81 Days With Oscar And Me

Every Academy Award-Winning Movie, Back to Back, Starting With the First

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Greatest Show On Earth, The

September 13th, 2009 · 1 Comment · 1952, Cecil B. DeMille, Charlton Heston, Color, Composer: Victor Young, Drama, Greatest Show On Earth, Jimmy Stewart, Original Screenplay, Paramount Studios

The Greatest Show On Earth There are a few things you should know about The Greatest Show On Earth before you commit to spending 152 minutes of your life watching it:

1. The acting and dialogue are some of the most cringe-worthy I’ve ever seen in my life.
2. James Stewart co-stars in the movie but does so throughout the entire film wearing clown makeup because he’s on the lam from the law.
3. The actors had to learn to do stunts, work with animals (such as big-as-a-barn elephants), and be as in-shape as real circus performers are.
4. This feels more like an extended commercial for Ringling Brothers & Barnum and Bailey than a real movie.
5. Most of the cast of this film play themselves and are actually circus performers with Ringling Brothers & Barnum and Bailey (see #4).
6. Bob Hope and Bing Crosby make a cameo appearance (one hour, 16 minutes in) as audience members.
7. There’s a train wreck scene about two hours and ten minutes into the movie that’s quite exciting and realistic. Without a doubt it’s the best scene in the film.
8. Clowns are creepy.

Betty Hutton (1921-2007), who plays Holly, certainly couldn’t really be as bad an actress in other films as she is in this. Otherwise, her career wouldn’t have lasted more than 26 seconds.

Charlton Heston (1923-2008), who plays circus manager Brad Braden, didn’t seem this stilted as an actor in such roles as Ben-Hur or even Planet Of the Apes. It has to be the dialogue.

Gloria Grahame (1923-1981), who plays Angel, was one sexy lady. You may remember her from her role as Violet in It’s a Wonderful Life. She’s equally as flirtatious in this movie, even without trying to be. Gloria’s the one who rides on the elephants and in their trunks. She did a fine job with such gargantuan co-stars.

James Stewart (1908-1997), who plays “Buttons” A Clown, is always Jimmy Stewart, even when he wears clown makeup and his real face is never revealed. He has an unmistakable voice and homespun manner that make him endearing.

Dorothy Lamour (1914-1996), who plays Phyllis, is unmemorable.

Lawrence Tierney (1919-2002), who plays crime boss Mr. Henderson, has a colorful (some would say checkered) career. I encourage you to read about him on IMDB. Lawrence appears as Elaine Benes’ father in an early episode of Seinfeld.

Cornel Wilde (1915-1989), who plays The Great Sebastian, is the most enjoyable character in the movie – and that despite the fact that he’s a flamboyant playboy trapeze star known equally for his conquests on the ground as in the air. It’s hard not to like this character and this actor.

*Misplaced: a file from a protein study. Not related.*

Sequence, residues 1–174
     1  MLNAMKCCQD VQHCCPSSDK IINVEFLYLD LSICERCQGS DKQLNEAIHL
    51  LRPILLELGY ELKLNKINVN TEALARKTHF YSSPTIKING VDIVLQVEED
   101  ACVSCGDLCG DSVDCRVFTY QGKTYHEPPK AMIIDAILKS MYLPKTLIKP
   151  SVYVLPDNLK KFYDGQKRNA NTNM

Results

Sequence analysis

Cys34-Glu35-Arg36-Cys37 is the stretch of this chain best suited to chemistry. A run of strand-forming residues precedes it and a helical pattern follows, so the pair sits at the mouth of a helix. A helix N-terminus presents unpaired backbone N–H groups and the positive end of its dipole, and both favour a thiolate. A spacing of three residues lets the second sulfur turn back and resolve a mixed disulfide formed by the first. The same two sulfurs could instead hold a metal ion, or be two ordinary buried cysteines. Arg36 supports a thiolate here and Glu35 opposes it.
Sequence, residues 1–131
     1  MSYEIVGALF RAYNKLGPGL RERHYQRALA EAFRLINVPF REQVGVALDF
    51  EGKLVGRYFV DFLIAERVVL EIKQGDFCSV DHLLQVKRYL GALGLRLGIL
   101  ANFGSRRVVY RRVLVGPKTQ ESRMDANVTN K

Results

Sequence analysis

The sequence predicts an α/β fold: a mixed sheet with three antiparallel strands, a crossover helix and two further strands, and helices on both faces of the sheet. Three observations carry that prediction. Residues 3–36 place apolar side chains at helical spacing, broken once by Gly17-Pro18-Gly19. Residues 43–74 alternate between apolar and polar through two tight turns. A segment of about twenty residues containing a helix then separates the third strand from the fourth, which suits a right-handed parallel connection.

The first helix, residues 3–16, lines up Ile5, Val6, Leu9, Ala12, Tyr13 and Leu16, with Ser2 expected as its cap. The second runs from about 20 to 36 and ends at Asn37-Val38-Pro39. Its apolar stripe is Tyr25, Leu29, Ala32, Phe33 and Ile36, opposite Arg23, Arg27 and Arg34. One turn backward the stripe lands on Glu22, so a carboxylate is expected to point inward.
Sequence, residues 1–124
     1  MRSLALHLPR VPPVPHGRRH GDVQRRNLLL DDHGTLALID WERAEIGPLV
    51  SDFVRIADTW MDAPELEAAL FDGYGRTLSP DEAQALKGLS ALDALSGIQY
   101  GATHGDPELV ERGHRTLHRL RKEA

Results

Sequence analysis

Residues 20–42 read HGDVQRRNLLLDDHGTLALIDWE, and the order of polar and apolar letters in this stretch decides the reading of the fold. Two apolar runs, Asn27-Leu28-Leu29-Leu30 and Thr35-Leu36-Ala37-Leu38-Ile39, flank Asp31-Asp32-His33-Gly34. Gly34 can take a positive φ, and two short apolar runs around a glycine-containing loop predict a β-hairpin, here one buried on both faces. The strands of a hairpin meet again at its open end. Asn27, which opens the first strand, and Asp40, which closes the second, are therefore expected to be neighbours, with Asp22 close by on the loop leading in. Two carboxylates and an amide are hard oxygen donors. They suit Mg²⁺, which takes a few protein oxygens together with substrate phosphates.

The Real OscarThis time, I wholeheartedly agree with the curmudgeonly author Peter H. Brown who wrote in his book The Real Oscar: The Story Behind The Academy Awards that The Greatest Show On Earth is one of five movies that won Oscars that shouldn’t have:

When this tawdry soap opera about the circus plays on TV even children turn it off. With a silly script and even sillier acting by Betty Hutton, James Stewart, and Charlton Heston, the movie beat High Noon, The Quiet Man, and Moulin Rouge…but the vote was taken at the height of the McCarthy era, and the obvious winner High Noon, was caught up in the House UnAmerican Activities furor (because of its scriptwriter Carl Foreman). Hedda Hopper personally campaigned against it.

Cecil B. DeMille (1881-1959), known for his epic films (such as The Ten Commandments) produced and directed this steaming pile.

It’s worth noting that no fewer than four writers are credited with creating this movie: Fredric M. Frank (story) and Theodore St. John (story) and Frank Cavett (story) Fredric M. Frank (screenplay) and Barré Lyndon (screenplay) and Theodore St. John (screenplay). I have no idea why so many wordsmiths were necessary. One chimp with a typewriter and a bottle of gin could have done as well.

Even the subplots (gangsters plotting a train heist…and Buttons’ shady past) were written on the nose. You could see them coming a mile away. The way Buttons is forced to reveal his true identity is reminiscent of the scene in Field of Dreams in which Moonlight Graham, as a young ball player, chooses to step off the playing field to save the life of Ray’s little girl who had fallen off the bleachers and was choking to death on a hot dog. As soon as Moonlight steps over the chalk line, he can’t go back.

In the same way, when the trains collide, Buttons chooses to set aside his clown identity to save Brad pinned in the wreckage. But as soon as he does that, the detective on board who’s been searching for the doctor who killed his wife, watches Buttons in action and knows he’s found his man. Buttons can never go back to the circus.

Once a doctor, always a doctor, I guess.

As a movie The Greatest Show On Earth doesn’t live up to its name. But as a cautionary tale about how not to write a movie, The Greatest Show On Earth is a winner with a capital “W.”


One Comment so far ↓

  • Caroline

    That poster looks like it was an inspiration for Indiana Jone’s wardrobe. I avoid circus movies at all costs because I can’t help but think of what they do to the animals in order to beat them into submission to do those tricks. But the train wreck scene sounds cool, I always like watching scenes with older trains anyways, the ones that have those separate compartments (Harry Potter, Murder on the Orient Express) as opposed to the Amtrak style rows of seats. I also remember an episode of Millenium that involved a train going underwater which I thought was “filmed” memorably. Thanks for the writeup!

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